Weathering: Tidal Spill (day 331)

Isabelle Andriessen with a collaboration from Ida Marie Hede

Curated by Miriam Wistreich

3 May - 15 June, 2019


Image: Isabelle Andriessen, Tidal Spill, 2019. Photo courtesy of the artist.


Weathering: Tidal Spill (day 331) is an exhibition and knowledge-making project that explores the relationship between the body and the weather, speculating on the changes in (human) embodiment in this time of climate crisis. The project features sculptures by the Dutch artist Isabelle Andriessen as well as a collaboration between the curator and the Danish writer Ida Marie Hede. Weathering: Tidal Spill (day 331) is organised by SixtyEight Art Institute and the Danish curator Miriam Wistreich from the Laboratory for Aesthetics and Ecology.


Talking About the Weather

The Danish summer of 2018 was the warmest and sunniest in more than 100 years. Nationally, Denmark was hit by a heavy drought, and in neighbouring countries forest fires swept the landscape with devastating consequences. In Tokyo temperatures rose to over 40 degrees celsius for the first time ever, while in Australia bats fell from the trees, boiled to death by the scorching sun. Globally, thousands of human and non-human lives were lost. As we tentatively make our way through an era of rising sea levels and more extreme temperatures across the globe, talking about the weather ceases to be simply small talk.

The weather and the climate are traditionally understood as two distinct phenomena: the climate is an abstraction, an amalgamation of global, long-term patterns and data, while the weather possesses the immediacy of what we see and feel - the wind shaking the trees outside our windows, the pouring rain drumming on our skin. Australian feminist philosopher Astrida Neimanis has problematised this distinction by pointing to the inaccessibility of the concept of the changing climate to human perception. Because of the enormity of climate change, both in terms of space and time, it is easy to project its consequences onto others far away, or to simply ignore that anything is the matter. So what might happen if we challenge official definitions and think of the weather and the climate as inseparable phenomena?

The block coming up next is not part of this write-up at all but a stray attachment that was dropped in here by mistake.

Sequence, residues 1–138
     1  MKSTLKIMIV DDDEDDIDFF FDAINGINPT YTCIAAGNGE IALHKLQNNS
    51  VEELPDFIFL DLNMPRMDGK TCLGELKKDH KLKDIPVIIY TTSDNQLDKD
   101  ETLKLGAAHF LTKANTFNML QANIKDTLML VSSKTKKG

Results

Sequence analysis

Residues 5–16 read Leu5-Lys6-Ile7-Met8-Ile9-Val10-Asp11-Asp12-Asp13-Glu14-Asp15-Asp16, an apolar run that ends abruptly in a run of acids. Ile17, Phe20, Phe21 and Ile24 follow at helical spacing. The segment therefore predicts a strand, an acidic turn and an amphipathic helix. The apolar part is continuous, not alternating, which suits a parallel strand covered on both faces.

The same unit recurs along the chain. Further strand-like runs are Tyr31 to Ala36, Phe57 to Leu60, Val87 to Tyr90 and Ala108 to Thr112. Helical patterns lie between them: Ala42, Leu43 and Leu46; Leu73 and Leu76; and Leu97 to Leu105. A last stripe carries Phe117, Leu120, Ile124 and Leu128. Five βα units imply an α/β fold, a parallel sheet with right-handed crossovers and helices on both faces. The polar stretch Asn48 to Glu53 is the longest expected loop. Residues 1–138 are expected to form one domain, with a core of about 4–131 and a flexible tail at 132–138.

When we think about the weather, and about the larger question of climate change and its consequences, debates often focus on maintaining the status quo, on keeping intact our existing possibilities and lifestyles. But thinking about the weather brings the issues home. To be weathered is also to be worn away by long exposure to the elements, to be touched and marked by atmospheric conditions. We can weather away or weather the storm. Neimanis uses the concept and practice of weathering to think about and establish practices that cultivate attunement to how our own bodies and the bodies of others experience the weather. Contrasting weathering with the neoliberal idea of resilience, Neimanis asks what it would mean to harness the mundane experience of weather as a site of politics. Weathering, she suggests, invites us to consider what we will lose along the way: “Weathered bodies, weathered houses, weathered cars, weathered clothes, weathered relationships, weathered dreams – these all bear scars of what has worn them down, and of what they have been asked to carry, to survive, and to hack.”


Tidal Spill (day 331)

Andriessen’s work engages with questions of the living and non-living in the age of planetary climate change. She conducts research into actor-network theory and feedback loops, borrows concepts and processes from physics and chemistry, and investigates ways of animating inanimate materials. Working closely with scientists, she creates ‘zombie materials’, non-living sculptural entities that show signs of life in spite of their status as objects.